New Law Enforcement Tool Helps Find Suspects, Raises Privacy Concerns

Wes Pittman serves as a Panama City injury attorney, working in the civil law system to help victims obtain vital compensation. While the civil system is distinct from the criminal courts, evidence from criminal investigations can be an important part of a civil case, allowing for early settlement or helping support the case at trial if necessary. The police can also be a terrific partner, especially when they are able to locate a wrongdoer who fled both criminal and civil prosecution.

The News Herald is covering a new tool in the arsenal of the Panama City Police Department ("PCD"). The Automated License Plate Recognition ("LPR") is aimed at catching suspects whose vehicles are on the Department's "hot list," such as a plate tied to an Amber Alert, a vehicle previously reported stolen, or someone who violated a protection order. As officials continue to develop the tool and the information set used, the LPR could even help in a homicide investigation.

Only one PCD patrol car currently has the LPR set-up, carrying three cameras that capture the license plates of other vehicles and notes the time, date, and location of each photograph. The system then runs the tags and compares them to the hot list. If it spots a match, it sends an alert to the officer's laptop, and he or she can then respond just as if the officer visually noticed the match. The LPR can run between 600 and 1,000 per shift, much more than can be done manually and with a longer reference list than an officer's memory can hold. Information is also downloaded to the PCD servers daily.

The PCD system, which cost just over $19,000, was funded by a grant from the U.S. Department of Justice. Panama City Beach's Police Department is considering applying for a similar grant. An LPR system is also used by the Florida Highway Patrol, which has six cameras across the state, including one in the Tallahassee region. Officials note the system is imperfect – a user-entry error could result in a mistaken alert, for example, but they note that the officers do check to verify probable cause before making a stop. Further, the hot list may not have the most recent information since the data is not updated in real-time. As a spokesperson speaking about the system summarized, the system is still ultimately reliant on human intervention.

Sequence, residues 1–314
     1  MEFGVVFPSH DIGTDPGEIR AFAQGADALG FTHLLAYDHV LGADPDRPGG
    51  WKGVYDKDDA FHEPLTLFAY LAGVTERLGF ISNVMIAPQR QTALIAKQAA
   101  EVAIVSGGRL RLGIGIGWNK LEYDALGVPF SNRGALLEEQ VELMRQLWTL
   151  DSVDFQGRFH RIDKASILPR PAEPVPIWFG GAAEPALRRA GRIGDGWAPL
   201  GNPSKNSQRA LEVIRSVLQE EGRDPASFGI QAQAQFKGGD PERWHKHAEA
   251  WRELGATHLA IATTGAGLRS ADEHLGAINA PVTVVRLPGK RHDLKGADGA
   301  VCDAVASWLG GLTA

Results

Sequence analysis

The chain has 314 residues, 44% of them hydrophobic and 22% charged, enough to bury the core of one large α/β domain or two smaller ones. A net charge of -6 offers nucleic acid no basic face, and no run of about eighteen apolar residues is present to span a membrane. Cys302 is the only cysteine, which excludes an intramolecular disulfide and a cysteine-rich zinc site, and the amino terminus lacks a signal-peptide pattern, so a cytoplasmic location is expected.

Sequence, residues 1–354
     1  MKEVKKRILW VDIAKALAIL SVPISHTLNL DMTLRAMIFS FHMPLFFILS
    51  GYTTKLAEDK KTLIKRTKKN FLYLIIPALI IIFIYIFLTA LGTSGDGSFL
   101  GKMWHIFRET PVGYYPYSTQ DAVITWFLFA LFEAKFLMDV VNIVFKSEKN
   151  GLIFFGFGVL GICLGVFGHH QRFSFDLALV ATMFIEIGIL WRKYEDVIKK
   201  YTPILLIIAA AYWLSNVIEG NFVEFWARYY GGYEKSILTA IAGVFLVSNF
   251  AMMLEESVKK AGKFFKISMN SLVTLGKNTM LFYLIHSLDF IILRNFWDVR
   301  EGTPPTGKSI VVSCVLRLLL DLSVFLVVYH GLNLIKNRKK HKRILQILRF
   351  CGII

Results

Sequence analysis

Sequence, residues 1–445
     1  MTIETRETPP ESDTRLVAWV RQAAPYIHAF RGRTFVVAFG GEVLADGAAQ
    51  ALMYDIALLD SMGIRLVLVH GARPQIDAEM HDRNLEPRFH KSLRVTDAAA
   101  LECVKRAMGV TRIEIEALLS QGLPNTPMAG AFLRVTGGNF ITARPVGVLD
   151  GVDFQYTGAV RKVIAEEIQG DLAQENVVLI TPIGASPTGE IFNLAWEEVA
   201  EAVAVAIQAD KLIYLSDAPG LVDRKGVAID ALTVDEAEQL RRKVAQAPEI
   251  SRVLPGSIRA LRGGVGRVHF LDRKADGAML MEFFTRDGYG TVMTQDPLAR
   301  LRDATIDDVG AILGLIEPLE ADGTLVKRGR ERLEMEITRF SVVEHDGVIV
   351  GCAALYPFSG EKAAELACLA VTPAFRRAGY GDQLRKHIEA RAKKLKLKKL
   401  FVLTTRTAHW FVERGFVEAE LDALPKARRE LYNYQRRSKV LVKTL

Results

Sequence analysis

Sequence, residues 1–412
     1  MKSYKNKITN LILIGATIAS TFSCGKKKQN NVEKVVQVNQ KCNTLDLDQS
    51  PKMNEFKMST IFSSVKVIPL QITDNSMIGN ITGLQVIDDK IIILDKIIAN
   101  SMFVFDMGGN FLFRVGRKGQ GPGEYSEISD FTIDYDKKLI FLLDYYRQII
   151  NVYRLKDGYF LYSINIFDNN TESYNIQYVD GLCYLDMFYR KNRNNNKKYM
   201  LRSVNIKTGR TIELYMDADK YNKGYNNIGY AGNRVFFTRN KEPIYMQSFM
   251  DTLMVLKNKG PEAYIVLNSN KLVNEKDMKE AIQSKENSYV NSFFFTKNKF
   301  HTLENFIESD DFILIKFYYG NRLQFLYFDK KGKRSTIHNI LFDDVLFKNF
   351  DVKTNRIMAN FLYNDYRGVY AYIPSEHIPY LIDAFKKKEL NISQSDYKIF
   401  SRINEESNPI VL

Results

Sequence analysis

LPR systems do have their critics. Policy remains a bit undecided as to storage of the information, some of which is kept indefinitely while portions are deleted every four months. Officers suggest this helps solve crimes and is not misused, but privacy advocates worry about a Big Brother-style system. Currently, data from the system is public, and anyone can request information about a plate number. Critics worry that this could allow someone to track another private citizen's movement. Even some police officials feel the data goes too far in cataloguing the movements of innocent, law-abiding citizens. An American Civil Liberties Union representative referred to the system as "all-seeing police eye that records everything" in his discussion with the Herald. Of course, cost is another concern.

LPR technology holds some promises for helping both police and victims in the pursuit of justice. It will take time to fine-tune the use of the system to help limit privacy concerns, an important issue to our legal team and the rest of our community. While these issues must be addressed, it is good to know that technology is helping move justice forward.

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